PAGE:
Through the work of the gang task force it was learned that 40 shootings were linked to the gangs in the past 18 months, and 70 people were shot in Waterbury in 2017.
The police investigation will continue into gang presence in Waterbury, but with the latest arrests the Observer is more comfortable releasing information we obtained back in 2018. The shootings were over words, and we didn’t want our words to add to the deadly chaos. Here is the story we sat on for several years.
In the Autumn of 2017 a war broke out in Waterbury between two rival gangs, 960 and ATM, and shootings erupted across the city landscape. On November 22, 2017 a car crashed into a utility pole and then veered into a house on Wolcott Street, in Waterbury, and both occupants were dead when emergency crews arrived.
As the Waterbury PD processed the scene they discovered both men – Clarence Lewis, 22, and Antonio Santos, 19 – had been shot. The shootings were suspected to be gang related, and in January 2018 Lewis’s mother, Sheila Walker, reached out to The Waterbury Observer seeking help in finding out what happened to her son. She had spoken with the Waterbury PD, who were investigating the accident/murder, but she was frustrated with the lack of information she was getting.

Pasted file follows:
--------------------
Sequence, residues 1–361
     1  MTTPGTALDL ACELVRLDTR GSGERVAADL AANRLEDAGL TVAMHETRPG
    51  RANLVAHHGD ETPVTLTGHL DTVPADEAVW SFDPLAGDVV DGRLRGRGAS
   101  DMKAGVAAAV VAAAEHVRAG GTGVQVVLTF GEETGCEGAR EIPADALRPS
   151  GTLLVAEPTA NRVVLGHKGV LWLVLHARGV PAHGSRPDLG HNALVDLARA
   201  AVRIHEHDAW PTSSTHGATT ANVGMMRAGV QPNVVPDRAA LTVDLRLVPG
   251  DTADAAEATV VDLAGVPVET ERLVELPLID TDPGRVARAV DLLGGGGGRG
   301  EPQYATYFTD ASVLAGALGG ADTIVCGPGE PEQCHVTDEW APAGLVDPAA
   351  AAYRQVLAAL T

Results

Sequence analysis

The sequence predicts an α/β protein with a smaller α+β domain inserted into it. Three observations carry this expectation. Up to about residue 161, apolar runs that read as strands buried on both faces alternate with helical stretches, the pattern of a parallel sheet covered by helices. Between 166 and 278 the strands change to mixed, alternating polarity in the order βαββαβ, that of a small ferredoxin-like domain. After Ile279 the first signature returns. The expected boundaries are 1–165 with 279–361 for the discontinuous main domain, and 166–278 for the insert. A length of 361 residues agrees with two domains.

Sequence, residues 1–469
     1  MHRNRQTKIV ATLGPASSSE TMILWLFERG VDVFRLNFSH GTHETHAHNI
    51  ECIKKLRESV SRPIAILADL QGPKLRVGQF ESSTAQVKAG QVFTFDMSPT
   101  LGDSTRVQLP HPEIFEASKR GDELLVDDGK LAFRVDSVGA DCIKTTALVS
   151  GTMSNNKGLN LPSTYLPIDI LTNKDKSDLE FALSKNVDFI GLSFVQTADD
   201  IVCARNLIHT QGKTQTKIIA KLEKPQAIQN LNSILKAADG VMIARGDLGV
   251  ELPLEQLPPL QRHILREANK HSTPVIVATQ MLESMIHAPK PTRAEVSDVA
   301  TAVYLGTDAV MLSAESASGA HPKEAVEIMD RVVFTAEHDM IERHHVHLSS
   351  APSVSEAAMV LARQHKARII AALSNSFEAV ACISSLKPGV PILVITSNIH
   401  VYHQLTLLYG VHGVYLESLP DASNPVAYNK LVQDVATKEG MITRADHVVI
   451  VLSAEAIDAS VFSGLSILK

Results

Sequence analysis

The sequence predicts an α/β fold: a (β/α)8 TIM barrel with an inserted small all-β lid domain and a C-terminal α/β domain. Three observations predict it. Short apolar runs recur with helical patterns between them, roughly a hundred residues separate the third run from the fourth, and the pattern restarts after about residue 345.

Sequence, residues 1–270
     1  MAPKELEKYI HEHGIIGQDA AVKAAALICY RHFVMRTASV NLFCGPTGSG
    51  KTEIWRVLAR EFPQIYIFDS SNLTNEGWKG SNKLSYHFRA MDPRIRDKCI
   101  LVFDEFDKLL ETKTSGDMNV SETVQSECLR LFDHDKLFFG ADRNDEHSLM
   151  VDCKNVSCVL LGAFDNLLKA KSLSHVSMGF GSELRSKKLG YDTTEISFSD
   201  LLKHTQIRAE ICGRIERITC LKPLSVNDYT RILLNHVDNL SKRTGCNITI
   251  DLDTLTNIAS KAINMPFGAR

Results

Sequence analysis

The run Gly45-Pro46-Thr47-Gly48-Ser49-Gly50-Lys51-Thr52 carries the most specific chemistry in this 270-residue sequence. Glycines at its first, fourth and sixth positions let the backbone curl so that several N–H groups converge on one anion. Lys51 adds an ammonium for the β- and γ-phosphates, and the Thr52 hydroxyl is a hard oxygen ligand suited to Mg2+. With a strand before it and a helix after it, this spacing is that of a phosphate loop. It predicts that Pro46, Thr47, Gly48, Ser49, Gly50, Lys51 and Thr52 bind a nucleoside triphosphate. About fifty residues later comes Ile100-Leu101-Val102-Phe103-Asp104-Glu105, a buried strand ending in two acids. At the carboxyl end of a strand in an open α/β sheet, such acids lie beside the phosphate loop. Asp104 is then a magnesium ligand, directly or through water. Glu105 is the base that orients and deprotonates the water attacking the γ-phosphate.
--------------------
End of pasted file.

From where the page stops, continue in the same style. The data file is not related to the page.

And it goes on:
I met her at her home on Albion Street on January 25th, 2018. There was a dead cat laying on the sidewalk in front of her home, a bible verse was taped to the front door, and there appeared to be bullet holes around the entrance to the doorway. I rang a doorbell, was buzzed in, and walked up a flight of stairs to her apartment.
The note greeting visitors to Shelia Walker’s home on Albion Street in Waterbury.
Sheila Walker is a spiritual woman and didn’t believe ATM was a gang. She insisted ATM was a small number of young adults bonding over their love of music. I talked for an hour with a grieving mother seeking justice for her slain son. Sheila told me that Clarence worked at Kohl’s in Plainville, played a lot of video games, and was always smiling and joking and listening to music.
Shelia Walker and a photograph of her with her son, Clarence Lewis.